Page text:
We’re demystifying another piece of modern tech: blockchain. Maybe you’ve heard of blockchain technology being used to create cryptocurrencies, such as Bitcoin. Maybe you have no idea what it is.
Today is the day to get blockchain explained and to look at the modern legal practice in a blockchain world.
What is blockchain?
Blockchain technology is a way of storing and sharing records. What makes it new and fascinating? It’s that each change to any record is tied in a chain to the information that came before. We can see sequentially every change to the record, like flipping back to the earlier pages of a book. It’s also that the updating process is reliable and more tamper-proof.
Here’s a super simplified picture of how it works:
We create a record, “Record27”. This record is kept on multiple machines so that there is no single copy of the record. We don’t have to trust anyone to keep a true master copy because each machine has the full Record27.
Someone wants to make a change to Record27, adding “NewStuff.” The various machines that have Record27 talk to each other to make the change. They have to verify that NewStuff should be added. If the update is verified, NewStuff is added to Record27 as a new “block”, and this new block is chained to the first block, the old Record27.
This way, anyone looking at any copy of Record27 later can see both the NewStuff block and the first Record27 block. They will also see when NewStuff was added.
The whole time, Record27 (each of its blocks) is encrypted to keep it safe from hacking.
Examples of blockchain technology in the legal industry
So, how can this clever new recordkeeping make waves in the legal industry? Here are three examples of blockchain technology in legal practice:
- Reliable recordkeeping
Long-term agreements that are renegotiated and updated can make for messy records. With blockchain technology, a full history of changes is kept in one place. This history means contract changes can be tracked more easily. With less open questions, future negotiations and updates are simpler.
- A move to trusty chatbots
One of the main reasons we don’t use chatbots to create agreements and update client records? Trust. We’re not sure that chatbots are error-free enough to use them.Blockchain technology may be what finally puts us at ease. Blockchain records offer a better ability to track a chatbot’s activity (and errors). They also give the bot more reliable information to work with. That clear, full history of changes to a long-term contract we just mentioned—a chatbot can draw on all of that trustworthy information, letting us trust the chatbot to answer questions reliably.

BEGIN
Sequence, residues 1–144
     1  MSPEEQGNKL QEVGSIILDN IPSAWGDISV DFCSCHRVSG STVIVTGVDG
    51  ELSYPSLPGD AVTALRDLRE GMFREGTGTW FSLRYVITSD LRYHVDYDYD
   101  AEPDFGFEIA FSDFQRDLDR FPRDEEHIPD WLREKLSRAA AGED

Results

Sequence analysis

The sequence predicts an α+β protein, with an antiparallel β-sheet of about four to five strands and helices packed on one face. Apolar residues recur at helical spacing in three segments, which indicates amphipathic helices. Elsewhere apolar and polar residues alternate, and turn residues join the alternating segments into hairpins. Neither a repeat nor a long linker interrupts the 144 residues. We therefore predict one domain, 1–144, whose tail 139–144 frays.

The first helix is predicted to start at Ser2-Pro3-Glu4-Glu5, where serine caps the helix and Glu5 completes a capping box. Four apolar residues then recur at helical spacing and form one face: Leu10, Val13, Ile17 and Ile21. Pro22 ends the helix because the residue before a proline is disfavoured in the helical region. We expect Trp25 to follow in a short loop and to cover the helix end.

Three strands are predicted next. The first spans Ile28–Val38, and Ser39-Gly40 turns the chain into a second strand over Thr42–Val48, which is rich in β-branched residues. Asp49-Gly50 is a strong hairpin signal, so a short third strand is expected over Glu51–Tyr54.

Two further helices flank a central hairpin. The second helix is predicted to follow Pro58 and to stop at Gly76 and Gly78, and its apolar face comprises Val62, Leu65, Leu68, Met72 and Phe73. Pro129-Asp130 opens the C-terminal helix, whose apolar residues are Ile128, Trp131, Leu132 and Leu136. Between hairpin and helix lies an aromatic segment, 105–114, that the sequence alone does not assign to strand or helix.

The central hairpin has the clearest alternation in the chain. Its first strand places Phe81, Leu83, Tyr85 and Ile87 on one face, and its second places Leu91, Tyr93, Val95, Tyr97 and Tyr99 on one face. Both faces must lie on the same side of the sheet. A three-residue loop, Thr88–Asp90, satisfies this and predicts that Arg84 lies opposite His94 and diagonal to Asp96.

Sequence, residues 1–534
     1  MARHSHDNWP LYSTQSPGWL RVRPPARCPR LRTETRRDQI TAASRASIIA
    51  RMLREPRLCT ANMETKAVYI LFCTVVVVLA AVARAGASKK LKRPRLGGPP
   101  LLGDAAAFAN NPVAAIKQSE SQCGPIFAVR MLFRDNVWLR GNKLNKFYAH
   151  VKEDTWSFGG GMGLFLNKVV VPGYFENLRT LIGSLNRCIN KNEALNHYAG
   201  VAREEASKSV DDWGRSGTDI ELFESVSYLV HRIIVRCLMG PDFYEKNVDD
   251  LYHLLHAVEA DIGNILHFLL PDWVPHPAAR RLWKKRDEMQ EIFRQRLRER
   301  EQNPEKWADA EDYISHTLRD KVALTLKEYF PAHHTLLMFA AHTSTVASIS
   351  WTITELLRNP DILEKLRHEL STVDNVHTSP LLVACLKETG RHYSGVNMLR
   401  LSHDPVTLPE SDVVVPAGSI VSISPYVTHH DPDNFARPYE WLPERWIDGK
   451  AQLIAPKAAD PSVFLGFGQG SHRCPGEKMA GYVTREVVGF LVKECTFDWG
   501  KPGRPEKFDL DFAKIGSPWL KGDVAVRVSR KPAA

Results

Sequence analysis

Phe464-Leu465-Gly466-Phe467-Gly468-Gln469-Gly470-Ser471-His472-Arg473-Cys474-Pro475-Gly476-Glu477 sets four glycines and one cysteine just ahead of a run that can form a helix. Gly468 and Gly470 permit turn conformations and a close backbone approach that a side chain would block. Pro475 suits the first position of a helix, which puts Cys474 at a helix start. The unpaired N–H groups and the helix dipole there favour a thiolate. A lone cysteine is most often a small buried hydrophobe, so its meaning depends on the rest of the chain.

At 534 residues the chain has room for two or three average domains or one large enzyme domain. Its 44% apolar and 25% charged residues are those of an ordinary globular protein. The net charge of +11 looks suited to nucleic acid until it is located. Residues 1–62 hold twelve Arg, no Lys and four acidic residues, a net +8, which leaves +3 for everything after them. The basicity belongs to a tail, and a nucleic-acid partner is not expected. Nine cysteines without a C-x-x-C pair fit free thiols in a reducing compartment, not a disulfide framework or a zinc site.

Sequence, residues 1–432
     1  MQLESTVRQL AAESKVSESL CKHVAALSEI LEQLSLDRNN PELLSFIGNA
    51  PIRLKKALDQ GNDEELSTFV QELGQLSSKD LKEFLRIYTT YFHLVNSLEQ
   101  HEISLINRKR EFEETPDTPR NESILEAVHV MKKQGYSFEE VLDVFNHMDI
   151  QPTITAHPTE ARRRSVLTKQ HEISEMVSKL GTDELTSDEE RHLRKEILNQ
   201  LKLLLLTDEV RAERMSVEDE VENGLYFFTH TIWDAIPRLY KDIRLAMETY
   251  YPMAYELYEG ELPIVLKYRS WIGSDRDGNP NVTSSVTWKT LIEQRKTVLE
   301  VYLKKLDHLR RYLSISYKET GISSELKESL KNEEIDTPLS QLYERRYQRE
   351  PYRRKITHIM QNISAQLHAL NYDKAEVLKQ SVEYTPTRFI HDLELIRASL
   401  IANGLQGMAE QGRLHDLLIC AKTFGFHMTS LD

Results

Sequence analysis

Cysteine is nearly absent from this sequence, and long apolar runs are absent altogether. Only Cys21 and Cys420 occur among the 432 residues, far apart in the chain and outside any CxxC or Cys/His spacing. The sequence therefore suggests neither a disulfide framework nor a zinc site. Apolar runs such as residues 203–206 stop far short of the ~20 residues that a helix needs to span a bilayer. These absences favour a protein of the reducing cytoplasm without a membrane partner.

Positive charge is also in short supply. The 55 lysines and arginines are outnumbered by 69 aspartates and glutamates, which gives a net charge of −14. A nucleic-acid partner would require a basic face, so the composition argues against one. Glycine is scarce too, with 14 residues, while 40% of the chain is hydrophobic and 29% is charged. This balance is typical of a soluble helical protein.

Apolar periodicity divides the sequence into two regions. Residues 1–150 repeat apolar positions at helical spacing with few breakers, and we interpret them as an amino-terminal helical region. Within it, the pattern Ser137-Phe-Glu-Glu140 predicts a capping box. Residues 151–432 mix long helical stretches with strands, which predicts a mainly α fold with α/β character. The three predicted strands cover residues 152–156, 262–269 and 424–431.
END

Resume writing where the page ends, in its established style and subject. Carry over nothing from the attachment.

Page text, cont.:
- Self-executing contracts (Smart contracts)
Blockchain lets us create a self-executing contract. One way a block can store information is to put an “if-then” clause that can lead to automated transactions.An example: two parties enter an agreement that one will transfer property if the other meets certain conditions. The blockchain record can be tied to a programmatic means of transferring the property. Once the blockchain record is updated to show that the conditions are met, the transfer can be automatically triggered.With the security and reliability of blockchain records, these simpler smart contracts may become our everyday contract.
Innovation and evolution will continue to happen so it’ll be exciting to see the use cases mature and develop. Our Cloud Machinery solution helps tackle how these new use cases can help your organization.